Mesenchymal stem cell (MSCs) are also referred to as mesenchymal stromal cell (also known as medicinal signaling cells) are stromal cells with multi-potency which can transform into a variety of cells, including osteoblasts (bone cells) as well as the chondrocytes (cartilage cells) and myocytes (muscle cells) and Adipocytes (fat cells that contribute to the adipose tissue of the marrow).
Definition of Mesenchymal stromal cells
The terms mesenchymal stromal cell (MSC) and Marrow stromal cells have been employed interchangeably for several years, neither of them is adequate in its description:
- Mesenchyme is an embryonic connective tissue that originates from the mesoderm. It differentiates into connective and hematopoietic tissue, while MSCs don’t differentiate into the hematopoietic cells.
- Stromal cell are the connective tissue-like cells that create the supporting structure within which the functional cells of the tissue are located. While this is a valid description for the function of MSCs, the word is not sufficient to describe the recent findings of their roles in the process of repairing tissue.
- The term covers multipotent cells that originate from non-marrow tissueslike the placenta, blood from the umbilical cord and adipose tissue. They also include corneal stroma and the tooth pulp from teeth that are deciduous (baby) teeth.The cells are not able to regenerate whole organs.
Structure of Mesenchymal stromal cells
Mesenchymal stem cells can be described in morphology by a tiny cell body that has some cell processes that are lengthy and thin. The cell body is comprised of an enormous, round nucleus with a prominent nucleolus which is covered with finely distributed chromatin molecules that give the nucleus an attractive appearance. The rest of the cell’s body has a small quantity of Golgi apparatus and rough endoplasmic-reticulum polyribosomes and mitochondria. Cells, that are large and thin, can be well dispersed. The surrounding extracellular matrix is populated with some reticular fibrils, but is not populated by the other collagen fibrils. These distinct morphological characteristics of mesenchymal stem cell can be observed without labeling using Live cell imaging.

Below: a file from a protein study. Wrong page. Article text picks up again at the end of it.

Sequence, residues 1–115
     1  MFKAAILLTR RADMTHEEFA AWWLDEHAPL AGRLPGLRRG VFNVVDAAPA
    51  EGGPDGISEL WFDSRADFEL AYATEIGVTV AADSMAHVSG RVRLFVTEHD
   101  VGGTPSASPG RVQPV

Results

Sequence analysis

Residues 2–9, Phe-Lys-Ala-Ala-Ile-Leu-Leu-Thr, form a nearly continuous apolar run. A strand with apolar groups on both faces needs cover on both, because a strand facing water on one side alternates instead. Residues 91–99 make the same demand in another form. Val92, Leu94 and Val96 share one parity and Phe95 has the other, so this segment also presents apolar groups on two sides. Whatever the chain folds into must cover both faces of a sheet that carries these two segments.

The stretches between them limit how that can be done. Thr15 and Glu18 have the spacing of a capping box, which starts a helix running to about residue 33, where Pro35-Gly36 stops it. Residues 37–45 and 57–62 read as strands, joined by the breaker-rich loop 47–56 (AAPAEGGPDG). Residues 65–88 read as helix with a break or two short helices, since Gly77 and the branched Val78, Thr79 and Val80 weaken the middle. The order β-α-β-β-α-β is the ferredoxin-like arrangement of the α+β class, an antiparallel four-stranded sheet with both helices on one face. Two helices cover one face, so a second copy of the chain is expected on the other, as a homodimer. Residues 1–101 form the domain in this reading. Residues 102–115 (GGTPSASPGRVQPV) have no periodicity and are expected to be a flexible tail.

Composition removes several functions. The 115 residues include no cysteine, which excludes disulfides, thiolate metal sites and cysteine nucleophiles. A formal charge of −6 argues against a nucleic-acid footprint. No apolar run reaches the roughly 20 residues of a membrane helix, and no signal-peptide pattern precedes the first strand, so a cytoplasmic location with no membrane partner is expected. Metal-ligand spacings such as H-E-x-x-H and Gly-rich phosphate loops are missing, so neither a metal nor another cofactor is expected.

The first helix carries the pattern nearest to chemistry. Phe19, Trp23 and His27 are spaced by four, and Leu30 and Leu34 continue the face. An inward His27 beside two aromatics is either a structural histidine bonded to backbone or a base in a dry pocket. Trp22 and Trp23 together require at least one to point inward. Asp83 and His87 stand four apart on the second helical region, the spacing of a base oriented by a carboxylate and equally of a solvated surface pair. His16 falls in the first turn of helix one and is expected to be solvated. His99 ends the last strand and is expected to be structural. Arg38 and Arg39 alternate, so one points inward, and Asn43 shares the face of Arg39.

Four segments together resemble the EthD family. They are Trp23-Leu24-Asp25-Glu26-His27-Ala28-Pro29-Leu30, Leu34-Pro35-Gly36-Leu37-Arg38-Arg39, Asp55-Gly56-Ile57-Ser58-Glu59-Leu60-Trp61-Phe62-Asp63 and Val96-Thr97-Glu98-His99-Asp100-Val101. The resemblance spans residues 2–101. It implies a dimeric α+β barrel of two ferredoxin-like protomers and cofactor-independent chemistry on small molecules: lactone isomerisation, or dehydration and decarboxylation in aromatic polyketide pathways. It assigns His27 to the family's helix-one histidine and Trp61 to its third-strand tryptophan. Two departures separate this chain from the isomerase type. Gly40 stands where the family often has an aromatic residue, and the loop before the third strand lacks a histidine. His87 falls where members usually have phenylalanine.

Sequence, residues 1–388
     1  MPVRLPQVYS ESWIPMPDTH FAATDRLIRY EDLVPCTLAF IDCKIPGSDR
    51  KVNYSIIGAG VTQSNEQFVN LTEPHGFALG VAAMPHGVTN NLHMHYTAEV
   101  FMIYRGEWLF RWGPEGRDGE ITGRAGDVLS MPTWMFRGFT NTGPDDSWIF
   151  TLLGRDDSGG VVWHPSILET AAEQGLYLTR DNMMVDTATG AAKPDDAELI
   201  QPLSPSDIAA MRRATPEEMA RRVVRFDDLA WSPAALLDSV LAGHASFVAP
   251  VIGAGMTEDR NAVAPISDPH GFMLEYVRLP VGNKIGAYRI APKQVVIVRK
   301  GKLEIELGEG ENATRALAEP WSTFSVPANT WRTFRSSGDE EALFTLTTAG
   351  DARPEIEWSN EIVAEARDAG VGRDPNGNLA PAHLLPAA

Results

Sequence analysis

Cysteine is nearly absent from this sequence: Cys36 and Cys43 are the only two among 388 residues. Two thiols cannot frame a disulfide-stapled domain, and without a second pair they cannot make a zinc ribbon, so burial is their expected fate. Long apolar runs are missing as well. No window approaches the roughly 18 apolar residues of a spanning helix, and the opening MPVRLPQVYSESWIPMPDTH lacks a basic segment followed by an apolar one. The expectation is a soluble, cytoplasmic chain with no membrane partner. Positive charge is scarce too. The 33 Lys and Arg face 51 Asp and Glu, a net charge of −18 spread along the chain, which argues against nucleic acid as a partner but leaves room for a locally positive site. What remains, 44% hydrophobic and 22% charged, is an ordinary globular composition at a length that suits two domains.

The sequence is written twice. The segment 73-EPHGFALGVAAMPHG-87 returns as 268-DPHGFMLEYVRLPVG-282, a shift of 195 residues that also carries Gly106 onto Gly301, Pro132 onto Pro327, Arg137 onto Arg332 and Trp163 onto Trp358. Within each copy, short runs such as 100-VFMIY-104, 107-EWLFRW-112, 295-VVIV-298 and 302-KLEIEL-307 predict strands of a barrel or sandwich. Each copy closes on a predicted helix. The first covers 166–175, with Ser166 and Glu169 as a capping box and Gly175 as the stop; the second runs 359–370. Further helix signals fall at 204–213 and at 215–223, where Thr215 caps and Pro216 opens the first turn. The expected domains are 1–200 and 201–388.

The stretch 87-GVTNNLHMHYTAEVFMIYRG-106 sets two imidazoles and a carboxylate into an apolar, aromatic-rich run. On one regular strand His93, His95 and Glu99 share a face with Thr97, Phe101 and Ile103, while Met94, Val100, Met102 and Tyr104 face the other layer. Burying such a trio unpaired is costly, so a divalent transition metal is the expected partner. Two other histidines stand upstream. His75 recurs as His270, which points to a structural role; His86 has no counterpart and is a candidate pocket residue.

Location of Mesenchymal stromal cells
1. Bone marrow
Bone marrow is the primary source of MSCs and is the most commonly used. The bone stem cells from the bone marrow do not aid in the development of blood cells, and therefore don’t express the markers for hematopoietic stem cells, CD34. They are often called bone marrow stem cells.
2. Cord cells
The earliest and most primitive MSCs are derived from umbilical cord tissue including Wharton’s Jelly and cord blood. But MSCs are at a higher level in Wharton’s jelly as when compared with cord blood which is a significant source of the hematopoietic stem cells. The umbilical cord can be found following the birth. It is typically removed and is not a risk for the collection. MSCs are a good source for collection. MSCs could prove to be an effective resource for MSCs for clinical use because of their basic properties and rapid growth rate.
They also have a number of advantages over MSCs derived from bone marrow. Adipose tissues-derived MSCs (AdMSCs) as well as to being more dependable and easier to extract than bone marrow-derived MSCs are available in greater quantities.
3. Molar cells
The tooth bud that is developing in the mandibular 3rd molar is an excellent resource of MSCs. Although they are described as multipotent the possibility is that they could be also pluripotent. They will eventually develop enamel dentin, blood vessels as well as dental pulp and nervous tissues. The stem cells are capable of transforming into cardiomyocytes, chondrocytes melanocytes, and hepatocytes-like cells in the laboratory.